“Hey now, take your pills,” Michael Stipe sings pensively on “Überlin.” “Hey now, make your breakfast.” If the cadence of those lines and the melody of that song remind listeners of R.E.M.’s 1992 single “Drive,” the resemblance is certainly intentional. The band’s 15th album, Collapse Into Now, is littered with references to their mighty back catalog: “Alligator Aviator Autopilot” crashlands into “Wake-Up Bomb,” and closer “Blue” churns the same amelodic dirge as “Country Feedback,” completely with Stipe’s delivery straddling talking blues and poetry slam. On “Oh My Heart,” he sings, “The storm didn’t kill me, the government changed,” updating the lyrics of “Houston” from the Bush to the Obama administration.
This is not an act cannibalizing itself for easy radio play or to remind fans of past glories. Rather, R.E.M. are simply engaging with the past and collapsing it into now, as a means of acknowledging that their songs derive from a single collective perspective, one that has aged but hasn’t really changed. Thirty years into a career, the trio view themselves as a band with a still-developing narrative arc rather than alt-rock vets smiling through oldies and charging their graying fans exorbitant ticket prices. Why ignore the 14-album monster in the corner, especially if this self-referentiality allows them to age gracefully without growing old?
Such close communion with their past allowed R.E.M. to sound rejuvenated on 2008’s Accelerate, which became their de facto comeback for no other reason than it didn’t suck as hard as Around the Sun. But it was no return to form, mainly because the band have no form to return to, no specific aesthetic to reclaim. Their catalog is not only enormous, but also impressively diverse, ranging from collegiate folk rock of their IRS Records albums to lusty glam rock of Monster to quiet ambient of Up. On Collapse, the band recognize the futility of trying to recapture those past glories and take an approach similar to New Adventures in Hi-Fi, which sampled past sounds and never settled on any one as “official.” Collapse shuffles through all of R.E.M.’s past lives; it’s a greatest hits without a hit, a career retrospective with all new material.
Again, the band chose to work with producer Jacknife Lee, who gave Accelerate its supercharged, just-shy-of-Monster roar. He sounds like he’s arming the band for the loudness wars, which means that everything on Collapse has been collapsed and compressed into what might be described as a fence of sound, not a wall. Their engagement with older material occasionally invites unfavorable comparisons: Compared to “Country Feedback,” which wrapped listeners up in an old quilt and told them ghost stories, “Blue” sounds too slick to sell Stipe’s lyrics about the wreckage of the 20th century. Even with Patti Smith’s eloquently brooding vocals, the song’s gravity sounds painted on—less an affectation than an approximation. Despite their loyalty to Lee, fans may find themselves wondering what someone like Tucker Martine could do with the mandolins and accordion of “Oh My Heart” or what David Barbe could do with the strummed ruminations of “It Happened Today.”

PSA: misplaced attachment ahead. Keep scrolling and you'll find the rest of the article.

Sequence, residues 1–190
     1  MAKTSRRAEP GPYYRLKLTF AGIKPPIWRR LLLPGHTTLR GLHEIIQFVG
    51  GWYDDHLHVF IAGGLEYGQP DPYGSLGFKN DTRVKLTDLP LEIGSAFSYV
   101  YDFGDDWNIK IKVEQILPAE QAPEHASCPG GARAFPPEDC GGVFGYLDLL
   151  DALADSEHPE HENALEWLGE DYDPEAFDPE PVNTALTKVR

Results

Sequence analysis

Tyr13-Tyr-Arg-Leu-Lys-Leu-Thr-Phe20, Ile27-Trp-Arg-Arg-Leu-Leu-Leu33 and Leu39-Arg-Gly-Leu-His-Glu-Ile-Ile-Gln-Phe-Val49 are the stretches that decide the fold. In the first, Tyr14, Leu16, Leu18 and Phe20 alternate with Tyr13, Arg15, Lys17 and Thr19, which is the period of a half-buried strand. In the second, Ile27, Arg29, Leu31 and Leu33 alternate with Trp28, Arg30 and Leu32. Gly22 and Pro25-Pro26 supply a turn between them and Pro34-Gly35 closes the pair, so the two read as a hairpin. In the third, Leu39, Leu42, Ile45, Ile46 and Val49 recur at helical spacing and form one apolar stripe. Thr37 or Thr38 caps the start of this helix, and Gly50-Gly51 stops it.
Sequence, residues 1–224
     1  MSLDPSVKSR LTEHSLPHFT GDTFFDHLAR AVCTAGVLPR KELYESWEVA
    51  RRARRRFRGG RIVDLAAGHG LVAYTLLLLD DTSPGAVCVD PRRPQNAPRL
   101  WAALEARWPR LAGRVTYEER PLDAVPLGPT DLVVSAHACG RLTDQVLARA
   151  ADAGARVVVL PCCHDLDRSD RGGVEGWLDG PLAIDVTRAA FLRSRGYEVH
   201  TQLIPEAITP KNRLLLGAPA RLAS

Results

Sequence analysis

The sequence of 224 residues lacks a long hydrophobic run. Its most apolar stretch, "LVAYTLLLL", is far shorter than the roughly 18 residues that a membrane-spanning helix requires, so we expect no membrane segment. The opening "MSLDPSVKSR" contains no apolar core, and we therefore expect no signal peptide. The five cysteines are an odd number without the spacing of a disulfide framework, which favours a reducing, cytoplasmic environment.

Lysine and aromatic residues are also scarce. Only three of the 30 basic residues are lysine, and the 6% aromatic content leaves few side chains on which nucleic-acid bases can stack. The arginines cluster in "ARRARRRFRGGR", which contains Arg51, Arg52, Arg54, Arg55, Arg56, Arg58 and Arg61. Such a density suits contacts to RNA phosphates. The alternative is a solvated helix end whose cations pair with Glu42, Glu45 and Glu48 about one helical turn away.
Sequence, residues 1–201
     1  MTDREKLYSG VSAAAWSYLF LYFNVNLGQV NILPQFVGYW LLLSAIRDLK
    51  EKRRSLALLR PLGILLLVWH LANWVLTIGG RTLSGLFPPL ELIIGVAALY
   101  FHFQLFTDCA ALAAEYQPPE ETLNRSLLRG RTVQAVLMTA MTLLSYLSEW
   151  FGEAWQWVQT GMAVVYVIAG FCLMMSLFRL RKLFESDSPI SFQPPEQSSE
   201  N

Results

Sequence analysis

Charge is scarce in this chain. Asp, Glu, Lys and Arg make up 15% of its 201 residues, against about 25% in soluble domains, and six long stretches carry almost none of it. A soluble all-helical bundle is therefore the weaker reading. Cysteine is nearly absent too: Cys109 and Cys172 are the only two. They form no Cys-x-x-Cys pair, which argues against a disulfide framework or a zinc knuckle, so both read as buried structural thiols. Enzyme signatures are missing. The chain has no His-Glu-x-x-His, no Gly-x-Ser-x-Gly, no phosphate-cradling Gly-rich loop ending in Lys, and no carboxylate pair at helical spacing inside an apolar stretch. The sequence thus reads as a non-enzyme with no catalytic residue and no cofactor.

That is, to some extent, Stipe’s own fault. Over the last decade, his songwriting has grown increasingly demonstrative. Life-affirming has become his default mode, and it doesn’t always suit him. Once he used to mumble his lyrics, as if meaning was something listeners inferred rather than something he enforced, but especially on Collapse, Stipe wants to make sure you get every single word. His songs have become declarative statements rather than inquisitions or ponderings, which makes “That Someone Is You” and “Every Day Is Yours to Win” little more than musical pep talks. There’s little mystery to these songs—nothing unknown or unresolved or open-ended, which is precisely what keeps so many fans going back to their older material. We listen to “So. Central Rain” and “The One I Love” and “Drive” to try to make sense of them, and Stipe seems to sing them as if he is doing the same. On Collapse, the sense is pre-made before you even hear the songs.
And yet, the album has moments of such promise that it’s easy to overlook its shortcomings. Peter Buck’s chiming guitars lends “Discoverer” its heraldic immediacy, pulling you forcefully into the album, and Stipe disconnects his vocals from the song’s meter to convey a jittery excitement. With its lulling chorus, “Oh My Heart” strikes the right balance between bitter and sweet, and “All the Best” delivers the short sharp shock of the band’s most brazen rockers. A poignant soul ballad, “Walk It Back” wraps its syncopated theme around Stipe’s vocals, suggesting a tragically insoluble predicament and tangled regrets.
Ultimately, there is something strangely courageous about this album and R.E.M.’s determination to avoid nostalgia act status, even amid so many reissues (which may coincide with the death of the CD form than with their creative abatement). If they’ve stumbled in the past, the band are no longer ignoring their confusion, but embracing it and making it part of their mythology. They don’t know what comes next, but like us, they’re always curious to hear the next R.E.M. album.